NYC Ballet sued over member’s alleged sharing of nude photos

first_imgABC News(NEW YORK) —  A 19-year-old ballerina who’s suing New York City Ballet said it’s “kind of disappointing to think back to when I was younger and how I idolized the place and the people in it.”“And now,” Alexandra Waterbury, a former student at the company, told “Good Morning America” in an interview, “it’s just a shame.”Waterbury filed a lawsuit filed Tuesday in New York State Supreme Court that lists as defendants City Ballet and former principal dancer Chase Finlay, whom she dated and who allegedly shared naked photos of her with other male performers.The suit alleges that a group of male dancers regularly shared with each other nude photos of female dancers and that a “fraternity-like atmosphere permeates the Ballet and its dancers and emboldens them to disregard the law and violate the basic rights of women.”Finlay’s attorney said in a statement the lawsuit is “nothing more than allegations that should not be taken as fact. Matters such as these should and will be litigated in courtrooms where the truth can emerge rather than in the media.”City Ballet Chairman Charles Scharf said in a statement that the company “vehemently denies” the allegations.Scharf said the company had not condoned any of the alleged behavior and that it “has no liability for the actions specified in the complaint and has taken the appropriate disciplinary actions for the dancers involved.”“New York City Ballet is confident that there is no basis for this lawsuit, and vehemently denies the allegations that the company has condoned, encouraged, or fostered the kind of activity that Mr. Finlay and the others named have participated in, which were off-hours activities that were not known, approved, or facilitated by NYCB,” according to the statement.He added of the allegations: “We investigated them and found that the actions had violated the Company’s norms of conduct, and immediate and appropriate action was taken.”Waterbury grew up “idolizing” Finlay, who’s about seven years older than her, but it wasn’t long after they started dating that he was “abusive in every way — physically, emotionally, mentally. He was really manipulative,” she told “GMA.”Waterbury said she discovered the photos while using Finlay’s personal computer“He was leaving for the airport for a job at 4 in the morning, so he let me stay at his apartment,” she recalled. “And I woke up in the morning to check my email, and he had given me the password to his laptop, so I logged on. And the first thing that popped up was an unsaved number with some pretty descriptive language. That just wasn’t OK. I was just like, ‘What is this?’ and it just got worse and worse.”Waterbury said she saw on the computer conversations with women but also with men, “all of whom I would’ve considered friends … that were just really misogynistic and vulgar and just cruel. It was a lot to take in.”When she confronted Finlay about the alleged conversations and photos, Waterbury said, “he just had nothing to say.”She’d been disappointed it took so long for the ballet company to address the situation, Waterbury added.“They could’ve apologized,” she told “GMA.” “They could apologize publicly. They could address the situation at least. I’m disappointed in the fact that it took four months for any action to be taken, especially since I’m a former student of theirs, especially since there are board members with daughters in my class. Just kind of weak to not say or do anything for such a long period of time.”Her lawsuit seeks, among other things, an “order permanently restraining defendants from engaging in such unlawful conduct” and unspecified monetary damages.Copyright © 2018, ABC Radio. All rights reserved.last_img read more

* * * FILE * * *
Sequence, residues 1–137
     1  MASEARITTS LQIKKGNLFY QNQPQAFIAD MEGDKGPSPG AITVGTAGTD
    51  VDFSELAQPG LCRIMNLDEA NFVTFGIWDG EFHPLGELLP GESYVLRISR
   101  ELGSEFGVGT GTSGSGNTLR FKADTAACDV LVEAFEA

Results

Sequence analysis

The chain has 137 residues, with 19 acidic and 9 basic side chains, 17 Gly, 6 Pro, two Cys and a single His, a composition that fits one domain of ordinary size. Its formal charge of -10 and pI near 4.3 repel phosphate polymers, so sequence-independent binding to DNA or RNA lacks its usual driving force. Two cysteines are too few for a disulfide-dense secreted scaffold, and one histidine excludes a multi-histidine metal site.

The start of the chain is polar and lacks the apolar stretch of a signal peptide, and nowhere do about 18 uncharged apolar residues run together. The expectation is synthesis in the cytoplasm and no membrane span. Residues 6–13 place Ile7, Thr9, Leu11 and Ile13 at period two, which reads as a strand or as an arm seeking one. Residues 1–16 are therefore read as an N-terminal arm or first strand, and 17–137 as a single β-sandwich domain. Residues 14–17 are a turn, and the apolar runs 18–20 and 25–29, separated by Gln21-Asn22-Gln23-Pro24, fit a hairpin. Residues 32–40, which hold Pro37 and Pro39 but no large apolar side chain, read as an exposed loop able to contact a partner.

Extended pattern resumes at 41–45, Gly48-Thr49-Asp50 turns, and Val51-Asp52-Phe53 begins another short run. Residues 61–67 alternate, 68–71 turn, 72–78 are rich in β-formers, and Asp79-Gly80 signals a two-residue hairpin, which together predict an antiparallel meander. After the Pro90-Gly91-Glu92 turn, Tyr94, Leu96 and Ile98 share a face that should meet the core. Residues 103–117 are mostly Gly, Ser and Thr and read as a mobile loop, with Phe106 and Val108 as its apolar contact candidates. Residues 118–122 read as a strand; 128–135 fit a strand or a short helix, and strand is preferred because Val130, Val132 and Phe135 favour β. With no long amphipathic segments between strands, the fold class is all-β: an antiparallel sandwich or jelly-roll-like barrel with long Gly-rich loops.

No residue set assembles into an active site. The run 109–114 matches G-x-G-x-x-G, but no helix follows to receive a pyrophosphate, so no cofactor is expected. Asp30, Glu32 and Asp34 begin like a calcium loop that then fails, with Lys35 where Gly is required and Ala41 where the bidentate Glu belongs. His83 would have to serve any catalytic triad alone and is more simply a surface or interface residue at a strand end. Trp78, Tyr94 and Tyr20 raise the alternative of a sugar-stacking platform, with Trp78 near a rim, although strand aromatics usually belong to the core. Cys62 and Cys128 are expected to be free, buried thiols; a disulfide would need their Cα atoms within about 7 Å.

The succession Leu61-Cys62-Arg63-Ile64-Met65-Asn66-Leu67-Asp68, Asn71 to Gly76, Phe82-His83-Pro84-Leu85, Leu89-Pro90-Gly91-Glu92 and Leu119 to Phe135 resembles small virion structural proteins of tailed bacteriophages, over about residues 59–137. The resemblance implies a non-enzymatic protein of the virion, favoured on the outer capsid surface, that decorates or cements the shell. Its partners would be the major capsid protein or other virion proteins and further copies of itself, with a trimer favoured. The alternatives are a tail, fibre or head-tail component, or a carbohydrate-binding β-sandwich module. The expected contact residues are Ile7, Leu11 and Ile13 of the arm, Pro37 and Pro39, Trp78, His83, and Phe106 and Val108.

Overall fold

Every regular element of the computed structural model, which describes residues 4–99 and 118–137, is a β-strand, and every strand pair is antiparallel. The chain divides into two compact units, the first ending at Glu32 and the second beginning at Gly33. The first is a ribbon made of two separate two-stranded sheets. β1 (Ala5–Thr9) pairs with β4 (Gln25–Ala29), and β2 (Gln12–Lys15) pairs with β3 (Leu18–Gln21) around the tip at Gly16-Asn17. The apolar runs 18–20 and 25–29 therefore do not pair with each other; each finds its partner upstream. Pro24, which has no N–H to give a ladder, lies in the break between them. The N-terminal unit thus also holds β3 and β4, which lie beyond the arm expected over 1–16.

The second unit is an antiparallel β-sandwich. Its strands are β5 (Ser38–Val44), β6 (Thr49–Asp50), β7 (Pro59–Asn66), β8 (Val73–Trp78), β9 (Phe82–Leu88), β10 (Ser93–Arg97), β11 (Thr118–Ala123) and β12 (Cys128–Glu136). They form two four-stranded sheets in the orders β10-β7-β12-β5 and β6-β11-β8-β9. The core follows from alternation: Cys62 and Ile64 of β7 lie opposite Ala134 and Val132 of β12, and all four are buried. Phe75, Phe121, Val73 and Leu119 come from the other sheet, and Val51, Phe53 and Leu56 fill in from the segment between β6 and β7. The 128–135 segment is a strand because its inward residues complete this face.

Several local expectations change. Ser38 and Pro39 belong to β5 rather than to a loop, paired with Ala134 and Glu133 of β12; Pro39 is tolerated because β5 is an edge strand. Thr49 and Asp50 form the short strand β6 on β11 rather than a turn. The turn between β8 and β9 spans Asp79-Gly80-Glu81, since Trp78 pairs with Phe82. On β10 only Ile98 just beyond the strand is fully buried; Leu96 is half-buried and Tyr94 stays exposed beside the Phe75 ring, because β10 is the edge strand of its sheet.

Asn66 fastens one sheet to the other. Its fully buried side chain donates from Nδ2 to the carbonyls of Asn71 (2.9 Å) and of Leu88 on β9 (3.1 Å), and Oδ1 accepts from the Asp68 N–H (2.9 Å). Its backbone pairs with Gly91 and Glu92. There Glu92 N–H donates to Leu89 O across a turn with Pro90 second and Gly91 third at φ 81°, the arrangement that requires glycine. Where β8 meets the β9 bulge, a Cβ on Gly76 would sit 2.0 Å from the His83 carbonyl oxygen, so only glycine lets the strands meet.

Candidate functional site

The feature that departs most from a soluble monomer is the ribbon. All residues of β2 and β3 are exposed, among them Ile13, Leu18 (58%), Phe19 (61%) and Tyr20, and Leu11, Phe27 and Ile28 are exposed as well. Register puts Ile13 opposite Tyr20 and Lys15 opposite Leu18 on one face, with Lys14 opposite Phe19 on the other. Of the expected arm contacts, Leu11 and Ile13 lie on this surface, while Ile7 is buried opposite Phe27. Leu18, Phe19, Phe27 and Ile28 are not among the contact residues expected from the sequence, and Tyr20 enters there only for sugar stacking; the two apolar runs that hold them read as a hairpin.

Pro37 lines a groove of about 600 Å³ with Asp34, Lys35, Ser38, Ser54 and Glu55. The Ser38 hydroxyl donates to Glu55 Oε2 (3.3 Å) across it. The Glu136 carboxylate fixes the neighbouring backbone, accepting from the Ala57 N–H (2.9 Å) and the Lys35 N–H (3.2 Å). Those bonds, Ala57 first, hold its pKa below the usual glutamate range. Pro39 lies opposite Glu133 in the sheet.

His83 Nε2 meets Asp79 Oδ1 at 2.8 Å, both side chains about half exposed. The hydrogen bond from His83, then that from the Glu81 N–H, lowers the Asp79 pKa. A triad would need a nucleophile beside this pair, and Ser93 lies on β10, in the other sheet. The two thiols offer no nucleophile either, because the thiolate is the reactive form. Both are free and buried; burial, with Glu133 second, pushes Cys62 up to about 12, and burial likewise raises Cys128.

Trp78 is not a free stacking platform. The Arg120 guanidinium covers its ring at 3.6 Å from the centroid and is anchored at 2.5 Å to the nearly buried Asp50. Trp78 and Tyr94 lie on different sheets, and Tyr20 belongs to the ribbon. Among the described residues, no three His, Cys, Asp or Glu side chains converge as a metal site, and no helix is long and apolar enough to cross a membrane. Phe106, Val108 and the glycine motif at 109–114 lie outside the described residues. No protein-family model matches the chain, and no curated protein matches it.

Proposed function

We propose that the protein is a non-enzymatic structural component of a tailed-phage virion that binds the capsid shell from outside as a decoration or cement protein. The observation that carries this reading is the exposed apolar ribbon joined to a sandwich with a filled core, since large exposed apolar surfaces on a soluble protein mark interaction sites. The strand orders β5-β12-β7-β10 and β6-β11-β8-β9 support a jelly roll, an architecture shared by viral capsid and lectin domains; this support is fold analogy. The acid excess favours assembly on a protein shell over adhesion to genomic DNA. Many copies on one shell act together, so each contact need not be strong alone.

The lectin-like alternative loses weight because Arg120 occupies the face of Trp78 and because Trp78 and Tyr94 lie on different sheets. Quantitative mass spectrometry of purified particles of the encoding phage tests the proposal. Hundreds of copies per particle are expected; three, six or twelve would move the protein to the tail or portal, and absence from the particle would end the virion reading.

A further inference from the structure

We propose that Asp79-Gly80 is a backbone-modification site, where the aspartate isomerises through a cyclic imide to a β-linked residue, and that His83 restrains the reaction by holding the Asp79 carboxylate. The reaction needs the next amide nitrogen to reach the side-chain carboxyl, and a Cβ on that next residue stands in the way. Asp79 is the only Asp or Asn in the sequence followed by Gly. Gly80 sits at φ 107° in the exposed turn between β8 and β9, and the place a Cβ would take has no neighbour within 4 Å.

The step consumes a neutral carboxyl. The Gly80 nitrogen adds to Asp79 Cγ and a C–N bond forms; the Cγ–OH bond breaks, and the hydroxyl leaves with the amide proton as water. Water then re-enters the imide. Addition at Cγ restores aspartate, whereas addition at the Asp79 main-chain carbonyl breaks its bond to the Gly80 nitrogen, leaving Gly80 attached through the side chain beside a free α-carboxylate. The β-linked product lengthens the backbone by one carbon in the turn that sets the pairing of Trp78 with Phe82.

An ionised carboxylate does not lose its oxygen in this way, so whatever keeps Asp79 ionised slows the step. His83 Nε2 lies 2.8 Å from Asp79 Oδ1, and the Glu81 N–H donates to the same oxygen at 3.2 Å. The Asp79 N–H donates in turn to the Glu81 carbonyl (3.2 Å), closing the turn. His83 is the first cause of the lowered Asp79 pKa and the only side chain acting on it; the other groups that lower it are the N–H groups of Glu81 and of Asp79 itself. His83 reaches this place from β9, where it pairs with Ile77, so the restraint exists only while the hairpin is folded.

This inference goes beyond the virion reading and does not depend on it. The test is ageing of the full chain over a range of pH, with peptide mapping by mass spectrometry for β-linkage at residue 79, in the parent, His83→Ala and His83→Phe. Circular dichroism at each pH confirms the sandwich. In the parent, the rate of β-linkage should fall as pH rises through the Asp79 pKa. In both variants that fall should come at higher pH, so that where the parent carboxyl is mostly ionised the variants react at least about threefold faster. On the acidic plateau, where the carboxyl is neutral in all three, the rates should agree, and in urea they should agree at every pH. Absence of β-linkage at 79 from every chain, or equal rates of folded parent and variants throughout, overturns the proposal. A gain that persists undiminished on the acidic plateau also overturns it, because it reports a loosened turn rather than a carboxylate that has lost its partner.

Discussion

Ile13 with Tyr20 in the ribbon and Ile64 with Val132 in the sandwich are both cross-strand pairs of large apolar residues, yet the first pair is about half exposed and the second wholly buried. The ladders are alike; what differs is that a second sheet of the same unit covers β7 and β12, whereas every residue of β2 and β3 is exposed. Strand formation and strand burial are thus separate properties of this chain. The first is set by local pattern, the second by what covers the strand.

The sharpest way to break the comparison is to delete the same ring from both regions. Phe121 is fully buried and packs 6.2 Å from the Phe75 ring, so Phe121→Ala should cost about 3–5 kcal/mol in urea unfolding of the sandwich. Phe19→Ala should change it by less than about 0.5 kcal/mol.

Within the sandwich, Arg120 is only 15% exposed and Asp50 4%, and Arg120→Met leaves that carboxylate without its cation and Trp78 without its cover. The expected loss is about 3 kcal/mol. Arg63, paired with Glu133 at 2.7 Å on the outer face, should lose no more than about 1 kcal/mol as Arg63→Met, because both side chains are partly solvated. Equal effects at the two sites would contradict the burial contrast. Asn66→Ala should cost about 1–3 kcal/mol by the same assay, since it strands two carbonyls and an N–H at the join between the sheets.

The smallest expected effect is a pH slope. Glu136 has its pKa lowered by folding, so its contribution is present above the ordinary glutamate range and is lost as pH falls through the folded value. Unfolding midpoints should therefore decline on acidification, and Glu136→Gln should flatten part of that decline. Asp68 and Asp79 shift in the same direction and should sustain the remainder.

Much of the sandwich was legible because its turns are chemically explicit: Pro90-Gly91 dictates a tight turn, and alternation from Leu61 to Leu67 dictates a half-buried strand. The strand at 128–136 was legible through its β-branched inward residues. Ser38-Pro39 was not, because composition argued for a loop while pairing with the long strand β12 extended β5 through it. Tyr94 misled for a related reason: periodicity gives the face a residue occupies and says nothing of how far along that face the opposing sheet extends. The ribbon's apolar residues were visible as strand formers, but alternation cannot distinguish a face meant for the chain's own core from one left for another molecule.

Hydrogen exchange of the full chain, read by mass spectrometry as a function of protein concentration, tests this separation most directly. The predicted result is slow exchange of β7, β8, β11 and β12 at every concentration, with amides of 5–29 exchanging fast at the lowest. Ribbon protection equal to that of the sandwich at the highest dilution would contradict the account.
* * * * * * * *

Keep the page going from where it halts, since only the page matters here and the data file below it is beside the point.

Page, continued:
Four dead, including police officer, after shooting in Chicago hospital